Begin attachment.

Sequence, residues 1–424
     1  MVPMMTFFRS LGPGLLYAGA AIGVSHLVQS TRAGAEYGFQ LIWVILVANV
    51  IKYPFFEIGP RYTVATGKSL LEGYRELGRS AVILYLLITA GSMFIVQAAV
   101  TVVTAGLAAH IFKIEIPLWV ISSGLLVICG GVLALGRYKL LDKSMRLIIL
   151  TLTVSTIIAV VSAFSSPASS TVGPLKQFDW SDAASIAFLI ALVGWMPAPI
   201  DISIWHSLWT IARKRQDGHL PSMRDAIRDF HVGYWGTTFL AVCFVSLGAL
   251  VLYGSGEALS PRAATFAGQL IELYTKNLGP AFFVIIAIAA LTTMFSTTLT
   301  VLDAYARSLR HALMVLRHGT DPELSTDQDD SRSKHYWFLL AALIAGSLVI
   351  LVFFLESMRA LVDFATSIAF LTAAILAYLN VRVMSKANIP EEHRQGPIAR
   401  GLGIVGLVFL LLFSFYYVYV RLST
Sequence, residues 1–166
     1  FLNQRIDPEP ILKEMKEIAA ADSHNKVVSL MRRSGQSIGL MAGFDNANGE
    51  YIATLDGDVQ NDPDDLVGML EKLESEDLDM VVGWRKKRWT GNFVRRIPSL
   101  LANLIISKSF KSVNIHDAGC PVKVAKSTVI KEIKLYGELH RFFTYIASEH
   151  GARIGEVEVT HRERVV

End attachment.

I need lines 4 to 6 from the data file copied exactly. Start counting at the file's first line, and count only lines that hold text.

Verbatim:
   101  TVVTAGLAAH IFKIEIPLWV ISSGLLVICG GVLALGRYKL LDKSMRLIIL
   151  TLTVSTIIAV VSAFSSPASS TVGPLKQFDW SDAASIAFLI ALVGWMPAPI
   201  DISIWHSLWT IARKRQDGHL PSMRDAIRDF HVGYWGTTFL AVCFVSLGAL